Sir Frederick Grant Banting, KBE MC FRS FRSC (November 14, 1891 – February 21, 1941) was a Canadian medical scientist, physician, painter, and Nobel laureate noted as the co-discoverer of insulin and its therapeutic potential. In 1923 Banting and John James Rickard Macleod received the Nobel Prize in Medicine. Banting shared the award money with his colleague, Dr. Charles Best. As of November 2016, Banting, who received the Nobel Prize at age 32, remains the youngest Nobel laureate in the area of Physiology/Medicine. In 1923 the Government of Canada granted Banting a lifetime annuity to continue his work. In 1934 he was knighted by King George V.


Frederick Banting was born on November 14, 1891, in a farm house near Alliston, Ontario. The youngest of five children of William Thompson Banting and Margaret Grant, Banting attended public high schools in Alliston. In 1910, he started at Victoria College, part of the University of Toronto, in the General Arts program. After failing his first year, he petitioned to join the medical program in 1912 and was accepted. He began medical school in September 1912. In 1914, he attempted to enter the army on August 5, and then again in October, but was refused due to poor eyesight. Banting successfully joined the army in 1915, and spent the summer training before returning to school. His class was fast-tracked to get more doctors into the war and so he graduated in December 1916 and reported for military duty the next day. He was wounded at the Battle of Cambrai in 1918. Despite his injuries, he helped other wounded men for sixteen hours, until another doctor told him to stop. He was awarded the Military Cross in 1919, for heroism.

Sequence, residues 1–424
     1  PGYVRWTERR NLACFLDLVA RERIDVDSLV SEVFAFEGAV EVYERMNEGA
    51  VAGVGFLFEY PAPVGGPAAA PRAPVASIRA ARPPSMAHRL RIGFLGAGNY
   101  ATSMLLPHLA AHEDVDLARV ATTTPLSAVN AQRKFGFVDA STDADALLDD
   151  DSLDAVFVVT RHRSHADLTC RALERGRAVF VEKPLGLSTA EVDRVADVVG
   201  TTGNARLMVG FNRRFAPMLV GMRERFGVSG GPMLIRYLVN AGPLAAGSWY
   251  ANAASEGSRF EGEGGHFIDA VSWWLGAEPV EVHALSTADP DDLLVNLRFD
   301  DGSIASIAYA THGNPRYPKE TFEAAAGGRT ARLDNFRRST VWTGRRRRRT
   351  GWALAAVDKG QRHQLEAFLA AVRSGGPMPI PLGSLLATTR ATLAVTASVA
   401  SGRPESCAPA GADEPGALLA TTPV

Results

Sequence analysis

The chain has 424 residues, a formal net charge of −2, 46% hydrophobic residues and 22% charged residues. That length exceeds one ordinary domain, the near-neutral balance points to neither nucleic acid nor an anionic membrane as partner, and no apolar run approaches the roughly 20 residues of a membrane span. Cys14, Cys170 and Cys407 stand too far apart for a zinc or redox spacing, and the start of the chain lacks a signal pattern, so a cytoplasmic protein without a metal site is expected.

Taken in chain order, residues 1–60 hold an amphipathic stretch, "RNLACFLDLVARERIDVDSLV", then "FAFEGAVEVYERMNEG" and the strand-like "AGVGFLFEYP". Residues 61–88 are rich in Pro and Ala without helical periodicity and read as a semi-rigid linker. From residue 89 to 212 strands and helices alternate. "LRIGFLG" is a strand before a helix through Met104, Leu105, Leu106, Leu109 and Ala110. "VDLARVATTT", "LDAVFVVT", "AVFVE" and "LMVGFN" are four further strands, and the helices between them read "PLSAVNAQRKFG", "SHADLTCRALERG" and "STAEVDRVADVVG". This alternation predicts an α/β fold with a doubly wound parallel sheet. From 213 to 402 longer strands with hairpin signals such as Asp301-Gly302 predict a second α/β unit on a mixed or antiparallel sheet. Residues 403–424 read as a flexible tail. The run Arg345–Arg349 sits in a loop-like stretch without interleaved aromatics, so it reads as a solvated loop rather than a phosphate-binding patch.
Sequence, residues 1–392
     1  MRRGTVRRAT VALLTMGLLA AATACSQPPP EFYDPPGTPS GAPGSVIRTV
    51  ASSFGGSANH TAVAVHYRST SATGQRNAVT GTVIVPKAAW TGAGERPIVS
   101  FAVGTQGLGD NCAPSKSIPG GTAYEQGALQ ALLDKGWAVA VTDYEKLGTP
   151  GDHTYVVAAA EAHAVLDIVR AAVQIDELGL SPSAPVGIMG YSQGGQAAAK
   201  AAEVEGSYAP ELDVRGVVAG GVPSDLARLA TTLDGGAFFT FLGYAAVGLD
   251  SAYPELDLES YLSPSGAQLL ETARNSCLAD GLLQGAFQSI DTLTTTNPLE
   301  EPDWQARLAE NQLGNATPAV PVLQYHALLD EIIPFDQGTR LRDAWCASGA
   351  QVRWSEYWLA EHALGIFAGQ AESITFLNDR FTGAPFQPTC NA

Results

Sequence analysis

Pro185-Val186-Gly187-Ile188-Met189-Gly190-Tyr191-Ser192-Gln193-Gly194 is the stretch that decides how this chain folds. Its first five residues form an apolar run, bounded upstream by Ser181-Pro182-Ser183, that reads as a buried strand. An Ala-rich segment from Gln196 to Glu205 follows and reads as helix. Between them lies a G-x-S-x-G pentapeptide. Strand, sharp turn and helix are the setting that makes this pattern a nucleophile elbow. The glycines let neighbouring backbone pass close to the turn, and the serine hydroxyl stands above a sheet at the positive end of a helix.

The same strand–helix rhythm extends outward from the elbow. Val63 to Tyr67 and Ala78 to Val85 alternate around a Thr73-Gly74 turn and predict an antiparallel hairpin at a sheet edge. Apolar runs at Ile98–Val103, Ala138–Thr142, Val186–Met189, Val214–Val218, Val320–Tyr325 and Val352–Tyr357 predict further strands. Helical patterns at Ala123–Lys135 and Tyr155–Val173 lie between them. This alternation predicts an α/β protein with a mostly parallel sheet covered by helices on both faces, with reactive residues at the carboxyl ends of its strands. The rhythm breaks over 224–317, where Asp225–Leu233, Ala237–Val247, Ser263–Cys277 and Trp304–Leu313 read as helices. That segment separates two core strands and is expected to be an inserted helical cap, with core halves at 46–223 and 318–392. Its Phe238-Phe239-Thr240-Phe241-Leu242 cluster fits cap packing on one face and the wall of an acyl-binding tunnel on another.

Banting returned to Canada after the war and went to Toronto to complete his surgical training. He studied orthopedic medicine and, in 1919-1920, was Resident Surgeon at The Hospital for Sick Children. Banting was unable to gain a place on the hospital staff and so he decided to move to London, Ontario to set up a medical practice. From July 1920 to May 1921, he continued his general practice, while teaching orthopedics and anthropology part-time at the University of Western Ontario in London because his medical practice had not been particularly successful. From 1921 to 1922 he lectured in pharmacology at the University of Toronto. He received his M.D. degree in 1922, and was also awarded a gold medal. An article he read about the pancreas piqued Banting’s interest in diabetes. Banting had to give a talk on the pancreas to one of his classes at the University of Western Ontario on November 1, 1920, and as a result, read reports that other scientists had written. Research by German pathologist Bernhard Naunyn, Oskar Minkowski, American physician and pathologist Eugene Lindsay Opie, English physiologist Edward Albert Sharpey-Schafer, and others suggested that diabetes resulted from a lack of a protein hormone secreted by the islets of Langerhans in the pancreas. Schafer had named this putative hormone “insulin“. Insulin was thought to control the metabolism of sugar; its lack led to an increase of sugar in the blood which was then excreted in urine. Attempts to extract insulin from ground-up pancreas cells were unsuccessful, likely because of the destruction of the insulin by the proteolysis enzyme of the pancreas. The challenge was to find a way to extract insulin from the pancreas prior to it being destroyed.